Reality check. And a third poll confirming the NDP surge.
That's a reality check for me, not you. Judging from your sober reaction to my exuberance over yesterday's Ekos poll, an ER self-administered reality check is in order.
But first, I neglected to assay both big polls today. Fortunately for ER, the latest Nanos Research poll for CTV-Globe and Mail confirms the Toronto Star-La Presse-Angus Reid survey I did discuss earlier this morning. Namely that the NDP leads in Quebec, is running second nationally (every time I type that I can't believe I'm doing so), and the Grits are mired in the low 20s nationally.
The Globe-CTV's latest Nanos Research poll, also released this morning, shows roughly the same results, with the Tories a little stronger than Angus Reid, at 37.8% public approval, though still a bit short of majority. Nanos, too, has the NDP placing a strong second, at 27.8% (again, close to that magic 29% the NDP needs to solidify official-opposition status). Nanos has the Liberals way back at 22.9%, the Bloc at 5.8%, and the Greens at 4.7%.
Now the reality check, which is seat projections.
Everything I've written about everybody's chances of doing whatever means squat depending on how their popular vote, no matter if it's surging or plummeting, translates into seats. And here's where we enter fantasyland.
Here's the average of 10 outfits that do seat projections, at pixel time:
Tories, 148; Liberals, 67; NDP, 56; Bloc 36; Greens, 0, Independents, 1.
An anti-Tory coalition in that scenario is unlikely, since the gap between the Tories and the second-place Grits is just too big to be easily justifiable to either the public or the G-G. Plus, it would require the participation of the Bloc, and even then the tripartite coalition would have just 4 seats over the 155 required for a majority. Harper would scream bloody murder, and the G-G would blanch at the instability of that 4-seat margin.
But here's the thing - that average masks wildly different projections among the 10 prognosticators.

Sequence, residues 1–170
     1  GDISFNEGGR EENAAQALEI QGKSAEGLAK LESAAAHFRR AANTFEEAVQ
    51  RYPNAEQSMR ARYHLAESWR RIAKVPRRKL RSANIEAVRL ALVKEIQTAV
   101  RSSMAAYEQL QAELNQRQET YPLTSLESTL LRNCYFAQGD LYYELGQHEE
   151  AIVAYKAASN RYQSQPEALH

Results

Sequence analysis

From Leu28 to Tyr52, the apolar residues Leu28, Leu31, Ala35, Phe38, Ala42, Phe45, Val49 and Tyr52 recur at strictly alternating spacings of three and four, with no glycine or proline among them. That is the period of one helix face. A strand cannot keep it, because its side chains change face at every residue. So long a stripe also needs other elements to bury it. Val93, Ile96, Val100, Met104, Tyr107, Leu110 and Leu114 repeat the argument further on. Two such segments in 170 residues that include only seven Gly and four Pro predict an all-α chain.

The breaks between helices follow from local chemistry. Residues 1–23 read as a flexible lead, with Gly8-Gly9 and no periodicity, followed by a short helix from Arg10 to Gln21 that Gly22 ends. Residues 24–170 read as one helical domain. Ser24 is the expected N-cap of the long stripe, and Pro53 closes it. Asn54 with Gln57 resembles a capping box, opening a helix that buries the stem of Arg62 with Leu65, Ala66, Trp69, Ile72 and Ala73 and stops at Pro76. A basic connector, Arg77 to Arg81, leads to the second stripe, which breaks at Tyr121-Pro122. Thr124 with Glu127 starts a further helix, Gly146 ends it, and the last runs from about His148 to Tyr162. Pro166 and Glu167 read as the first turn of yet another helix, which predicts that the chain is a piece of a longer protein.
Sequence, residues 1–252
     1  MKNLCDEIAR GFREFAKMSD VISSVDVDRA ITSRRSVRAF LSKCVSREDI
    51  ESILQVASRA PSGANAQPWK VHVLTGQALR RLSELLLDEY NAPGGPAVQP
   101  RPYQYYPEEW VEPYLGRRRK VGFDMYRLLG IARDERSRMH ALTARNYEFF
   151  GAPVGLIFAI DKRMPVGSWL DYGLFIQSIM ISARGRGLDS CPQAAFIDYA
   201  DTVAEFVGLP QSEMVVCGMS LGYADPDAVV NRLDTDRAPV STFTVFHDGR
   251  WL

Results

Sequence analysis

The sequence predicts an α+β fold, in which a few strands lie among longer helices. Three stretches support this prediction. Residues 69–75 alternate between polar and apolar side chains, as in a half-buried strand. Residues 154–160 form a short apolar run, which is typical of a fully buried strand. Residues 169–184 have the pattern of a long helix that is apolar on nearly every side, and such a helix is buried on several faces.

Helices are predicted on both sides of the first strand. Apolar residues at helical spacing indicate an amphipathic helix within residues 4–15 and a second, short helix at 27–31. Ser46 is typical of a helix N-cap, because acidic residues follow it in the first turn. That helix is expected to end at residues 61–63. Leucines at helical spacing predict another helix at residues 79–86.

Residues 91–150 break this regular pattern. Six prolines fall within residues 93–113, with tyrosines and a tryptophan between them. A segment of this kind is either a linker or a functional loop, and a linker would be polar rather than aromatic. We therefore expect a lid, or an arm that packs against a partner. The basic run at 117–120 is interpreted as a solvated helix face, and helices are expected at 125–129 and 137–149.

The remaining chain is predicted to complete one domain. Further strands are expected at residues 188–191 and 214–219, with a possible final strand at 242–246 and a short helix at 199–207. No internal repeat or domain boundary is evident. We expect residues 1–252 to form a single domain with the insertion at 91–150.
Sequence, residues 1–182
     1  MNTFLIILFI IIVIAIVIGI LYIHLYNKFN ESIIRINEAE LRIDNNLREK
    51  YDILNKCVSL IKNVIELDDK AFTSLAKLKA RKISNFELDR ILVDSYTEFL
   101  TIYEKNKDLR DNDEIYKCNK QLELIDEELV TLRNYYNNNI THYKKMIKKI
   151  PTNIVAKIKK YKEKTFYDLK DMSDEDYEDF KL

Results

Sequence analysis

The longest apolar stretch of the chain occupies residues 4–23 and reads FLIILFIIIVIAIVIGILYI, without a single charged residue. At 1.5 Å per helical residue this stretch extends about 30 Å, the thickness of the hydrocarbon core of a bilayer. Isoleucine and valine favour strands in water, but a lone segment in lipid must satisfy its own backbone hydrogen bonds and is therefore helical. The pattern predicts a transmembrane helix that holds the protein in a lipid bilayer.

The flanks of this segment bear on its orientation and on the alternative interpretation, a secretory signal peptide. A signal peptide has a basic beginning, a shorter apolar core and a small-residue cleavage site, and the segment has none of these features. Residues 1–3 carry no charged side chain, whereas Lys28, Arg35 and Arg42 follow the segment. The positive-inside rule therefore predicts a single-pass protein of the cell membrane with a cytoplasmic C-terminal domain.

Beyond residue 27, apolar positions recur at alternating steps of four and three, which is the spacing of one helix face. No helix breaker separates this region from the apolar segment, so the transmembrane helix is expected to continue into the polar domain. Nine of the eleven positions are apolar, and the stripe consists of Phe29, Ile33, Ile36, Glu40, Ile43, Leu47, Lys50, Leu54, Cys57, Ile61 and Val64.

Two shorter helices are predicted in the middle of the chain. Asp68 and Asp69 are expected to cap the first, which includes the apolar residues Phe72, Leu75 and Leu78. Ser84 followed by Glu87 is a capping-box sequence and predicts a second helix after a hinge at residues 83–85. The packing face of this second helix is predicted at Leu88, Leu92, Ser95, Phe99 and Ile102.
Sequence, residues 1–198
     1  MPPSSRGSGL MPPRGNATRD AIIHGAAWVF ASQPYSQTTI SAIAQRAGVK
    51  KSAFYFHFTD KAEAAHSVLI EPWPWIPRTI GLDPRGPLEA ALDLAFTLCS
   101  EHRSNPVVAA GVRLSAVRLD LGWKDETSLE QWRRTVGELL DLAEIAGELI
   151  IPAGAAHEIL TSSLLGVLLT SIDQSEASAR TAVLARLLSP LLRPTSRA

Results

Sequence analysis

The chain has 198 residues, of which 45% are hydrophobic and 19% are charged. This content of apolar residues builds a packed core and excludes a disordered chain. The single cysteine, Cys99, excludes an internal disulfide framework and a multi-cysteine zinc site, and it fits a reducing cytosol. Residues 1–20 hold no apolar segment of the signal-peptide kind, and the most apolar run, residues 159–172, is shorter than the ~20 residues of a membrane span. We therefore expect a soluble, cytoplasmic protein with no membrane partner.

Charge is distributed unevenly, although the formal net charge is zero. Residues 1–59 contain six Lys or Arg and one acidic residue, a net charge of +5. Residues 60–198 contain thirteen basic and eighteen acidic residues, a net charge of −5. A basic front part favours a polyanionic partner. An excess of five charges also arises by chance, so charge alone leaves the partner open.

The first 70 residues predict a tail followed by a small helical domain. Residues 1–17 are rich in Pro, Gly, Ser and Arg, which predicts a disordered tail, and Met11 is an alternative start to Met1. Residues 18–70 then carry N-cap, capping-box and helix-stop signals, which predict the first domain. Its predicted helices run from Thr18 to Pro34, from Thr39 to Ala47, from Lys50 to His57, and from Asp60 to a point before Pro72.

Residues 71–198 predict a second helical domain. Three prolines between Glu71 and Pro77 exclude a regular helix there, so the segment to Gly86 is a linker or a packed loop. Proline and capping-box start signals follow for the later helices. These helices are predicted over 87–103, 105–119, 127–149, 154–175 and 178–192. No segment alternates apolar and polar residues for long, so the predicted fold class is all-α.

Here's the range for each party about the seat guesstimators:
Tories, 161-131; Liberals, 78-57; NDP, 100-42; BQ, 42-14.
In the historic 1990 Ontario election, the landmark status of that outcome wasn't so much the NDP forming an Ontario government for the first time as the downright bizarre way that scores of riding contests broke the NDP's way. The NDP won at least 30 seats in deeply NDP-hostile territory, notably in southwestern Ontario, due to the weirdest, least predictable vote splits imaginable.
How those same splits play out May 2-3 defies prediction utterly, as the ranges above show. They show the NDP, for instance, either picking up 64 net new seats or just 6. They have the Grits picking up one seat, or losing 20. The BQ drops a mere 5 seats or 33, practically wiping the Bloc from existence.
As an isolated example: every other report I've seen of the Tories' 10 Quebec City region seats has the Tories easily holding most of them, or losing most of them.
So it's a mug's game writ large, if you'll pardon the pun. And I'll try to be more restrained about where the chips will fall.
Or, as Paul Wells said Monday the tail of his convincing Tories-headed-for-comfortable-minority-or-narrow-majority blog post, "UPDATE, Monday evening: Ekos has numbers so different from Nanos‘ that you can argue all night over who’s right!"
And the next day's Kinsella: "The polls are all over the map, and have been for weeks. The seat projections are based on contradictory polls, and are therefore a joke. I accordingly give up. At this point, the only poll that matters - as the old saying goes - is the one May 2.
Fair enough. Extreme caution is indicated.
Except that the parties are at this critical juncture applying their limited resources to those seats they consider winnable, which gets us back to the black art of seat projections. And which has all of us - those not focused on "The Wedding of the Century," and that would be Kate and Bill, not Jack and Iggy -cogitating on an historic realignment on the left; an opposition-led minority government; a renewed Tory minority still constrained from reshaping the country to Harper's lifelong design; or a Harper majority whose outcome, Harper once said, would result in a Canada we won't recognize when he's done with it.